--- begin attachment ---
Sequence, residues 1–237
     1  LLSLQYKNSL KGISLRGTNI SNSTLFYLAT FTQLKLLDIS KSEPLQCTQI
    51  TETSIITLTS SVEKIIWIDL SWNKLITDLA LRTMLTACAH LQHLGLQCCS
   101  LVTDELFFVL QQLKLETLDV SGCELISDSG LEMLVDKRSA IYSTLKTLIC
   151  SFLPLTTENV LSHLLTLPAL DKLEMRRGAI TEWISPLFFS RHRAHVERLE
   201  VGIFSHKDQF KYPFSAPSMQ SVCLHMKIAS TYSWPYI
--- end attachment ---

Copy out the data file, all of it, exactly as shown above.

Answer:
Sequence, residues 1–237
     1  LLSLQYKNSL KGISLRGTNI SNSTLFYLAT FTQLKLLDIS KSEPLQCTQI
    51  TETSIITLTS SVEKIIWIDL SWNKLITDLA LRTMLTACAH LQHLGLQCCS
   101  LVTDELFFVL QQLKLETLDV SGCELISDSG LEMLVDKRSA IYSTLKTLIC
   151  SFLPLTTENV LSHLLTLPAL DKLEMRRGAI TEWISPLFFS RHRAHVERLE
   201  VGIFSHKDQF KYPFSAPSMQ SVCLHMKIAS TYSWPYI